Friday, January 28, 2011

The Big Update

“Mola” from South Africa!

In case you couldn’t tell, our life is far from ordinary. Our latest adventure has been the “bush” of Gudeka, which is a tiny Xhosa village in the mountains, helping with a school and living like a native. We’ve been here since Jan. 7 and plan to stay until the last week of February. Every day is literally an adventure – there are some moments that I can’t imagine anything more rewarding and want to stay forever…and some when I am ready to walk out and head back to the comforts of America.

On the way up 2 weeks ago, we swore that we wouldn’t take another ride in a “bakkie” (def: a tiny 1975 pickup truck with absolutely no suspension whatsoever. You are crammed in the back [which has a top and no windows that can be opened, of course] and share a wooden “bench” with a million other people. On the way to Gudeka the first time, we had 23 people, 2 kids, a ton of groceries, and a live chicken) until it was to leave the mountains for good. The trucks are horrible enough but the roads are beyond awful, so you get to bump around for an hour with all your sweaty, closest friends and spend the next week nursing your butt back to life. But we were desperate for some civilization and craving ice cream, so we broke our promise and came down to the closest town, Ntabankulu.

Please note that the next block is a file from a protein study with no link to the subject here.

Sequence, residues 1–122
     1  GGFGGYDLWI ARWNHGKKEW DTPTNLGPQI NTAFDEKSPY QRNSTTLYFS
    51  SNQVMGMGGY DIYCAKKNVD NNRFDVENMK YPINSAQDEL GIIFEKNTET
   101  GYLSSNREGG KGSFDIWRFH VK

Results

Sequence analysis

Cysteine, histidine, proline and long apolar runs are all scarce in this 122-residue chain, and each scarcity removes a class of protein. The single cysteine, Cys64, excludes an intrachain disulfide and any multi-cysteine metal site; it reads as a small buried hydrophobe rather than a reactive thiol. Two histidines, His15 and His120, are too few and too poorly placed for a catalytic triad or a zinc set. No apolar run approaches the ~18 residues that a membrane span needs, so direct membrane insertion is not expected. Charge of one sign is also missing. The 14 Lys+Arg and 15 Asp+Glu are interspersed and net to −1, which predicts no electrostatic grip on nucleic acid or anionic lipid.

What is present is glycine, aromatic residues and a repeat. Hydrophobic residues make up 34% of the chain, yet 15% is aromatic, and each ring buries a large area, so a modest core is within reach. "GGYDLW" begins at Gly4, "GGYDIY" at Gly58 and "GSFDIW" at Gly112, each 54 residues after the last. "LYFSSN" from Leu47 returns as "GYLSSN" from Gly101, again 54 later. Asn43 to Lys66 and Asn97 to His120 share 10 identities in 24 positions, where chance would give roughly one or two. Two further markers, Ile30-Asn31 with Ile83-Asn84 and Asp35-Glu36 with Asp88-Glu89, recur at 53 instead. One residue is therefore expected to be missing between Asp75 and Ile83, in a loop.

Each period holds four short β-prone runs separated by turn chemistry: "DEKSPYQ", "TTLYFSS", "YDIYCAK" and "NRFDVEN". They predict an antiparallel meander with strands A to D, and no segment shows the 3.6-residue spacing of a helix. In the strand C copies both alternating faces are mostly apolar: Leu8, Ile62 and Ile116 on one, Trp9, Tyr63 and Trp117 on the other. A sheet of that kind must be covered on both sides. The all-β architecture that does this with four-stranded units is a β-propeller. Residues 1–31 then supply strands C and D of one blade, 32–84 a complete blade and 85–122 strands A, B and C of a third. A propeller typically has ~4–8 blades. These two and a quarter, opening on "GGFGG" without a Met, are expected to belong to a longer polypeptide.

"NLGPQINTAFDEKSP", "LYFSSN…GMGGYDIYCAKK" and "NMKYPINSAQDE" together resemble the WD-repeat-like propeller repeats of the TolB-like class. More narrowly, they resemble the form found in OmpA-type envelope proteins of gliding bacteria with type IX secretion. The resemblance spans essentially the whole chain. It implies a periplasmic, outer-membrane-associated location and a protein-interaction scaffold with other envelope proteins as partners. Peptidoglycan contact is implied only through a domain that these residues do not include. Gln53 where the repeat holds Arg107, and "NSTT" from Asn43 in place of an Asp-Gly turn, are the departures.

That was an adventure in and of itself.  The day was rainy and gross, so we had a lazy morning and after lunch we packed up our backpacks, put on comfy traveling clothes (read: flip flops), and walked up to the main road to wait for the dreaded bakkie. You can see for miles and we didn’t see one coming our direction, so we decided to just start walking a little bit. Nothing came, so we just kept walking…and walking…and walking…. Eventually we met a new friend, Momosa, who said that he was walking to Ntabankulu too. David got up the nerve to ask how long the trek would take and we blamed Momosa’s answer on his poor English – 10 hours. To make a long story short(er), we left Gudeka at 1 and walked without seeing a single bakkie until 4. Finally a random family in a truck drove by and offered us a ride. It wasn’t a comfortable ride at all but we bounced in the back for a good 45 minutes and finally got to Ntabankulu in time to grab some groceries for dinner, take baths for the first time in 2 weeks and sleep in a real bed. Hallelujah!